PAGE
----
2013 NFL Draft Recap: B1G Team Comparisons

Submitted by UMgradMSUdad on April 28th, 2013 at 5:19 PM

I thought it would be interesting to see how the B1G teams fared against each other with number of players drafted and what rounds they went in.  Overall,  it was not a good year for the B1G with only 22 players selected and just one making into the first round. I created a table that shows the number of players drafted from each team, then assigned points based on the round drafted to come up with a point total for each B1G team. I used the following numbers: first rounders were given  7 points, second rounders 6 points, and so on.  Obviously the point totals are open to debate.  Is a first rounder really worth the same as as 7 seventh rounders?  Who's to know?  Anyway, with this metric I devised, Michigan ended up with a total of 5 points based on Denard's fifth round selection (3 points) and Will's sixth round selection (2 points).  Obviously, had Taylor Lewan entered the draft, Michigan's score would have been much higher.  As Lewan would have almost surely gone in the first round, that would have made Michigan's point total 12, good enough for fourth place, just ahead of Ohio. 

I went ahead and threw in Rutgers and Maryland at the end of the chart just out of curiosity.  If Rutgers were in the B1G this year, they would have topped the conference both with number of players drafted as well as point total. 

2013 NFL Draft: B1G Edition

 

Team No. Taken     Points
1. Wisc 3 16
2. MSU 3 14
3. Illini 4 13
4. OSU 3 11
5. PSU 3 10
6. Purdue 1 6
7. UM 2 5
t8. Neb 2 3
t8. Iowa 1 3
IU 0 0
Minn 0 0
NW 0 0
RU 7 18
MD 1 1

Edit: Corrected based on FlintB16's post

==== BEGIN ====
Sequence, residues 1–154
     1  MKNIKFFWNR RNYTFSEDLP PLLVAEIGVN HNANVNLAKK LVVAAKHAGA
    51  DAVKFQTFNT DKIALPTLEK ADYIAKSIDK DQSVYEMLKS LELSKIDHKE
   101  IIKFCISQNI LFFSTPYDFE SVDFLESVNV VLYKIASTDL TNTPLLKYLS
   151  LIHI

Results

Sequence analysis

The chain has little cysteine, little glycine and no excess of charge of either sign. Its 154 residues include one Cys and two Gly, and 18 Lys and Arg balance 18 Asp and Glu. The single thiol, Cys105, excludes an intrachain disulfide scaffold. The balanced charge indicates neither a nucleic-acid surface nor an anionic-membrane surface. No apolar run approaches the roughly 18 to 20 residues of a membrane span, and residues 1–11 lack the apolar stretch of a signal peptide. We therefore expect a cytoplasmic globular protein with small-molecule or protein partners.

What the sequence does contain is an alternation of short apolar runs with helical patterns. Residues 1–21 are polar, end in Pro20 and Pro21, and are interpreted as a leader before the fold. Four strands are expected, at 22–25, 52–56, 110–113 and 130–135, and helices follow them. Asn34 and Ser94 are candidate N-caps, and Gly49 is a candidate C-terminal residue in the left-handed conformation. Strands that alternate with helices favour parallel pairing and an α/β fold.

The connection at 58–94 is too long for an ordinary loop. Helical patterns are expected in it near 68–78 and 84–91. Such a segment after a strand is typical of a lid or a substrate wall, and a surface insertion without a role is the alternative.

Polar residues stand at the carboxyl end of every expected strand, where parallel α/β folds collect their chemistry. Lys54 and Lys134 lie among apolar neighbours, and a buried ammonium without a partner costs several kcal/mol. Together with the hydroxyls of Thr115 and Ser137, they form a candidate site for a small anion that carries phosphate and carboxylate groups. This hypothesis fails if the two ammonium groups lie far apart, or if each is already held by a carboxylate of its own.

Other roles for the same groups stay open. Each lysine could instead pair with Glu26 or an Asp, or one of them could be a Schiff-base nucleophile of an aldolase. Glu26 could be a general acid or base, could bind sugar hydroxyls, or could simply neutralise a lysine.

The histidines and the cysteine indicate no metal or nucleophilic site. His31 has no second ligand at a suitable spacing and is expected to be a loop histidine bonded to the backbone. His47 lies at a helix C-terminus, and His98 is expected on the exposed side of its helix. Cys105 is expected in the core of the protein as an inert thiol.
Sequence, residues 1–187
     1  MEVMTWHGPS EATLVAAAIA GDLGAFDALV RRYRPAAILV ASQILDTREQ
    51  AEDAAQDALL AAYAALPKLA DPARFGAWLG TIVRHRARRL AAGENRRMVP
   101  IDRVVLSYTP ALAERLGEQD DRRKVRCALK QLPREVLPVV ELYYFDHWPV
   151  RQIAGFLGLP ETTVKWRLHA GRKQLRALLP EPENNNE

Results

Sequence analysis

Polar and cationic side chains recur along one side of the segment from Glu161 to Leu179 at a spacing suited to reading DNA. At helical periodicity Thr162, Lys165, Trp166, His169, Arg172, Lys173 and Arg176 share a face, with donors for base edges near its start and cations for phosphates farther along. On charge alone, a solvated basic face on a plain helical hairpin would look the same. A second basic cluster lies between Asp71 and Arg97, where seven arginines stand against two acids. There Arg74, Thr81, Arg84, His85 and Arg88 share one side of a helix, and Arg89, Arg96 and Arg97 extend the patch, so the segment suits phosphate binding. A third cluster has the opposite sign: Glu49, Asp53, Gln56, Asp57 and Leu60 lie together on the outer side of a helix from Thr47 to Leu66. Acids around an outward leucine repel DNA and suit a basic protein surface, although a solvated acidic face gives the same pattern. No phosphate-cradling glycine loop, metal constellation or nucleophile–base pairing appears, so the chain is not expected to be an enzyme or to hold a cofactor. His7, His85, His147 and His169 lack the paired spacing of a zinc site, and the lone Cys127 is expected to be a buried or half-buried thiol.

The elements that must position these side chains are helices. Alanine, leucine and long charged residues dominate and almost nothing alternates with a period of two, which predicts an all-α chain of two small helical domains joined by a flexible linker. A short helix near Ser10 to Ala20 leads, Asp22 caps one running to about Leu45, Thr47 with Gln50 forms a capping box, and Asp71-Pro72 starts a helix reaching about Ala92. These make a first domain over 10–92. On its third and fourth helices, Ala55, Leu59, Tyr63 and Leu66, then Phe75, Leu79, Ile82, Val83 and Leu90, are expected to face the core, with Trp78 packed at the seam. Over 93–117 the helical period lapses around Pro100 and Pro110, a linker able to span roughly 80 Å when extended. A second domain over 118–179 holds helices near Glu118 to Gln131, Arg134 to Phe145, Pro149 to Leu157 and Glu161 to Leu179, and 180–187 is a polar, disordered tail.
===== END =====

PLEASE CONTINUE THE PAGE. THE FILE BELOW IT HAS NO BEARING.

Comments

borninAnnArbor

April 28th, 2013 at 5:41 PM ^

I was checking on the draft occasionally to see when and who would get Denard so I could become a greater fan of that team. I noticed Michogan was not well represented, though one could lay yet another issue at the feet of richrod.

I was wondering, with top recruits considering Michigan, if that is taken into consideration. I could see S E C schools selling 25% of the draft.

Or is the general consensus that when Hoke's guys get there, there will be lots of M players taken?

UMgradMSUdad

April 28th, 2013 at 6:15 PM ^

I think Michigan not having many players drafted is due to a combination of factors, some due to changing coaches, but I would expect more players to be drafted from Michigan moving forward. I don't claim to be any expert on this, but many of the players RR recruited fit his system well but weren't always what the NFL looks for. Just as an example, look at the size of  WRs and CBs drafted.  Most were several inches taller than RR's recruits, but again, that just goes to the style of play. It's not a knock against RR.